Texas never struck me as a place I’d miss when I moved. But I blame the Houston Rodeo. Yesterday as I wove through traffic around Reliant Stadium, I got sad. People were going to the big cook-off. All had donned clothing fit to make any Midwesterner cringe: regular pearl snap shirts, Texas-flag-themed pearl snap shirts, big buckles, boots and hats. Yes, we really wear cowboy hats. And to the chagrin of many I know in Chicago, I will miss them. I’m not going to miss the tacky clothing, per se, but the purpose behind it. The feel of it.
For some reason still unexplained, Texans own this weird obsessive pride. What are they proud of? Well…Texas. I don’t know where the pride came from, but it makes them write songs about it, wear hideous pants and tear up when talking about their truck. At bars, I’m gonna miss raising a beer and loudly beginning, “The stars at night are big and bright!” because a chorus of barflies will yell back, “Deep in the heart of Texas!”
Texans that don’t fit the rodeo crowd are proud in their own way. The “Dirrrty South” pride you can hear from 20-inch speakers in the back of a Cadillac four blocks away. Urban youths who can’t relate to school or a stable family atmosphere are proud to rep’ their ‘hood. The streets of Houston they grow up on become their eventual sense of self-worth, inducing rap songs and neck tattoos galore. Try telling a kid with 713 under his chin to work on his self-esteem. You’ll get shot. The urban outcry doesn’t manifest in violence or gang propaganda only. There are the hippies and starving political artists who live by the rise of Montrose, the small Houston art and music community. Go to any local punk show to find rabid Houston enthusiasts.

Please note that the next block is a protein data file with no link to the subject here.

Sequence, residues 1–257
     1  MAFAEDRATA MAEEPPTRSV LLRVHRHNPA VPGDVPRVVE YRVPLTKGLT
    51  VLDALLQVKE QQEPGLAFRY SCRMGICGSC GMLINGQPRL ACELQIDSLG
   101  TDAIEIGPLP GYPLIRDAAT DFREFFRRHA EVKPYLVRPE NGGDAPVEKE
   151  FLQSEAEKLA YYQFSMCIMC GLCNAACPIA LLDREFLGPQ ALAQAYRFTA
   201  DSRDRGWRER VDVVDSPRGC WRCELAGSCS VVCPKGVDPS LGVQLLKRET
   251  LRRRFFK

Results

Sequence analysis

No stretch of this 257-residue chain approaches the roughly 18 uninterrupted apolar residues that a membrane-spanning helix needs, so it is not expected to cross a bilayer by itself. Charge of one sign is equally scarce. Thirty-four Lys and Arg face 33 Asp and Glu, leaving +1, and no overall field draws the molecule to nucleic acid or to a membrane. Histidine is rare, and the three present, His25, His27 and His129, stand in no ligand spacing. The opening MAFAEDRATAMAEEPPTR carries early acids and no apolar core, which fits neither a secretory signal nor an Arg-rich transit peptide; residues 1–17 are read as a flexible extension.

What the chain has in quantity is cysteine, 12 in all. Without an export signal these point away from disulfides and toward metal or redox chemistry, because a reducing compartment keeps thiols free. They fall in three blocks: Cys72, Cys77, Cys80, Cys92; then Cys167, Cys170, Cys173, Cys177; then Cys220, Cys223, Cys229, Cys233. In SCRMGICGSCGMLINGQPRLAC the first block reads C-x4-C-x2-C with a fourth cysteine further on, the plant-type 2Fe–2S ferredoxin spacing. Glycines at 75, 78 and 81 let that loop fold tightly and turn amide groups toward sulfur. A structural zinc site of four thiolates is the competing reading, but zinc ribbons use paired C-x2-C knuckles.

Everything I’d found to be proud of in Texas was ingrained over a lifetime of living nowhere else. Of course I’ll find reasons to miss it. Texas is all I’ve ever known. But here’s a chance to discover the things that keep hoards of people moving to the Windy City every year. It’s in the vibrant Pilsen architecture, it’s in Wrigleyville’s violent Cub enthusiasm, and it’s in the Columbia students’ fresh-faced ambition and possibility. It’s in the bars in Boystown, littered amongst the flamboyant regulars. It’s Chicago pride. The same thing we have at the Rodeo, in the back of Cadillacs, and painted on cardboard boxes along Westheimer road. It’s just a different flavor.
I’m going to try and take as much pride with me when I move. Not for Texas alone, but for life. Maybe it will be infectious, and I won’t have to say “y’all” in order for people to notice something different about me. And honestly, I can’t find out soon enough.